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United States Department of Agriculture

Agricultural Research Service

Title: Interrelationships among Conceptus Size, Uterine Protein Secretion, Fetal Erythropoiesis and Uterine Capacity

Authors
item Vallet, Jeffrey
item Klemcke, Harold - FORMER ARS EMPLOYEE
item Christenson, Ronald

Submitted to: Journal of Animal Science
Publication Type: Peer Reviewed Journal
Publication Acceptance Date: September 17, 2001
Publication Date: March 1, 2002
Citation: Vallet, J.L., Klemcke, H.G., Christenson, R.K. 2002. Interrelationships among conceptus size, uterine protein secretion, fetal erythropoiesis, and uterine capacity. Journal of Animal Science. 80(3):729-737.

Interpretive Summary: Placental size and efficiency, uterine length, conceptus size and fetal red blood cell development during pregnancy have all be proposed to be associated with uterine capacity. Placental and fetal size have been suggested to be controlled by the early development of the embryo, which has been proposed to be controlled by uterine protein secretion, which in turn, is suggested to be influenced by progesterone secretion by the ovary during very early pregnancy. To test these concepts, interrelationships between fetal size, placental weight, early embryo development, uterine protein secretion, early progesterone secretion, fetal red blood cell development and uterine capacity were measured in two groups of gilts that were altered to remove one ovary and one uterine horn, a surgical method that makes litter size in the gilts a measure of uterine capacity. Plasma progesterone concentrations were correlated with early embryo development and uterine protein secretion. Early embryo development was not correlated with placental weight during subsequent pregnancy. Placental and fetal weights were negatively correlated with uterine capacity, but placental efficiency was not. Fetal weights were correlated with fetal red blood cell development, confirming the negative effect of low birth weight on fetal red blood cell development. Uterine length was not related to uterine capacity. Taken together, these data suggest that reduction in placental and fetal weights may lead to improved uterine capacity. This will be likely to negatively impact fetal red blood cell development and methods are needed to improve this aspect of fetal development.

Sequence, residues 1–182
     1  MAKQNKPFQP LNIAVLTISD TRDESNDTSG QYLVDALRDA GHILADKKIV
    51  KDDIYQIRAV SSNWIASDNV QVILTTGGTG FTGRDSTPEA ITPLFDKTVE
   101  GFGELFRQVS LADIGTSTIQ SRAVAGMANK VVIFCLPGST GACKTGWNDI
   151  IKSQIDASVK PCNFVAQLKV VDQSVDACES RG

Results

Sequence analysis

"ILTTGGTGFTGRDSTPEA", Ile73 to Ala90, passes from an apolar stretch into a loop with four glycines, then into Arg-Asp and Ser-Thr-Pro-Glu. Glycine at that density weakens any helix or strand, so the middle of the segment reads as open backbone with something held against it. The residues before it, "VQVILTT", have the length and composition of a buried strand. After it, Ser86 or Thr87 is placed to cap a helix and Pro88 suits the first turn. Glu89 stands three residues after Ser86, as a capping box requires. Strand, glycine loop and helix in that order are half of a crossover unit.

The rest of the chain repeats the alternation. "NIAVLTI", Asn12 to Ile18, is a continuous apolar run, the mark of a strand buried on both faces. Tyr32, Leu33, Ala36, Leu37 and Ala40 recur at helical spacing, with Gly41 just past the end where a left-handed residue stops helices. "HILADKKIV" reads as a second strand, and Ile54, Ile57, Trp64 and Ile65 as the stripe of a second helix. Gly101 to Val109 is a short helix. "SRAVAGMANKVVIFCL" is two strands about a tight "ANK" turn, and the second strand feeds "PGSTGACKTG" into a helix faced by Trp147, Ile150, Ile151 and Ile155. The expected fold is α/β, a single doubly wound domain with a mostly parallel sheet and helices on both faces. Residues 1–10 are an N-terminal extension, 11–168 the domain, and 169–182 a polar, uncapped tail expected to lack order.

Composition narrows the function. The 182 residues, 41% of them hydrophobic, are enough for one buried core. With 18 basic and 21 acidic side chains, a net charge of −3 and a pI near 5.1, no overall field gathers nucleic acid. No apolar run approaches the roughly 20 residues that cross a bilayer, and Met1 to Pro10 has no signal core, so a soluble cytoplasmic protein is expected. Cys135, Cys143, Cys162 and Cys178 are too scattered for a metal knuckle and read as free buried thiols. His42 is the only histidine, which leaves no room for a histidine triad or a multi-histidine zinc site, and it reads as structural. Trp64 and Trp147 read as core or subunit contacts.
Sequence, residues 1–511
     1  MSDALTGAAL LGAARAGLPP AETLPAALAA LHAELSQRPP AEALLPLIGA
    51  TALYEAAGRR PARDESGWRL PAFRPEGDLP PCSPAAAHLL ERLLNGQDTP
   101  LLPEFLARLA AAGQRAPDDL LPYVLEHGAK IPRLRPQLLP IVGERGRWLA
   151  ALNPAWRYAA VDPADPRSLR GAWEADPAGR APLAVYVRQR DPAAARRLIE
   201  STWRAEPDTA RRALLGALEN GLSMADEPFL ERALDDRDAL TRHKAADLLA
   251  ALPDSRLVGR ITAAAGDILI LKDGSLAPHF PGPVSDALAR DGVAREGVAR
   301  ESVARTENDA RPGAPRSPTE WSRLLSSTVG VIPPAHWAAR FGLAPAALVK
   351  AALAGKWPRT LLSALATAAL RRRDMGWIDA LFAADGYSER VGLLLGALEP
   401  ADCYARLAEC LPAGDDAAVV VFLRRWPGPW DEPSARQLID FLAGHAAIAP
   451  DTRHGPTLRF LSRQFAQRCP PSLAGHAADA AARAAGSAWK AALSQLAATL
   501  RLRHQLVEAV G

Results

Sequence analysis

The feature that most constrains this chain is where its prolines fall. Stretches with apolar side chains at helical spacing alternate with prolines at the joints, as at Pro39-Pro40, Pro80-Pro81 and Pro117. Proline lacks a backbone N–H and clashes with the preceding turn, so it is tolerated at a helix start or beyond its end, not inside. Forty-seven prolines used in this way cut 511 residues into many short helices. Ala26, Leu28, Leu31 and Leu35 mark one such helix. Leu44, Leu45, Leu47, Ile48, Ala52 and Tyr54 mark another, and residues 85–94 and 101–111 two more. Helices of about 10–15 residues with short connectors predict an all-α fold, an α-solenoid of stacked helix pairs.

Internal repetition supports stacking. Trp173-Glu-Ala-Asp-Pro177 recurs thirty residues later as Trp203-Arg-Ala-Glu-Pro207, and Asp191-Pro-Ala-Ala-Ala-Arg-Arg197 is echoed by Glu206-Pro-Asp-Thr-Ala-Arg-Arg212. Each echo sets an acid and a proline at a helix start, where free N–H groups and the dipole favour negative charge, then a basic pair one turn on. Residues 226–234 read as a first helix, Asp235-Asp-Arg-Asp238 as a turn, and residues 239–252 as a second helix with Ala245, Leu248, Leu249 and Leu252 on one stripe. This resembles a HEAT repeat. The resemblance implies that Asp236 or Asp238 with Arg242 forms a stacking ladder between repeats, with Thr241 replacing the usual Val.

Technical Abstract: The interrelationships among d 11 conceptus size, d 105 placental weight, placental efficiency, fetal erythropoiesis and uterine capacity were investigated. In experiment 1, unilaterally hysterectomized-ovariectomized (UHO) gilts were mated after at least one normal estrous cycle and slaughtered at 105 d of gestation and number of fetuses and CL, placental weights, fetal weights, hematocrits, fetal plasma iron and fetal plasma folate were measured. In experiment 2, UHO gilts were mated and plasma progesterone was measured on d 2 and 3 of gestation. On d 11, the length of the remaining uterine horn, number of CL, conceptus number, conceptus diameters, and total uterine flush retinol binding protein (tRBP), acid phosphatase (tAP), and folate binding protein (tFBP) were measured. Gilts were then mated again and slaughtered at 105 d of pregnancy and the same traits measured in group 1 were recorded. Plasma progesterone concentrations on d 2 and 3 were correlated with d 11 conceptus diameter ( = .60, P < 0.01, for each day). The tRBP (r = 0.47, P < 0.01), tAP (r = 0.51, P < 0.01), and tFBP (r = 0.49, P < 0.01) on d 11 were only correlated with d 3 progesterone concentrations. No correlations between d 11 conceptus diameters or d 11 uterine length with d 105 uterine capacity were observed. Uterine capacity was negatively correlated with placental weight, placental efficiency (measured as residual fetal weight after fitting placental weight as a covariate) and fetal hematocrit (r = -0.37, P < 0.01; r = -0.23, P < 0.05; r = -0.35, P < 0.01; respectively). Hematocrits were correlated with fetal plasma iron (r = 0.45, P < 0.01) and folates (r = 0.52, P < 0.01). Thus, reducing placental and fetal weights will likely increase uterine capacity.

Last Modified: 10/22/2014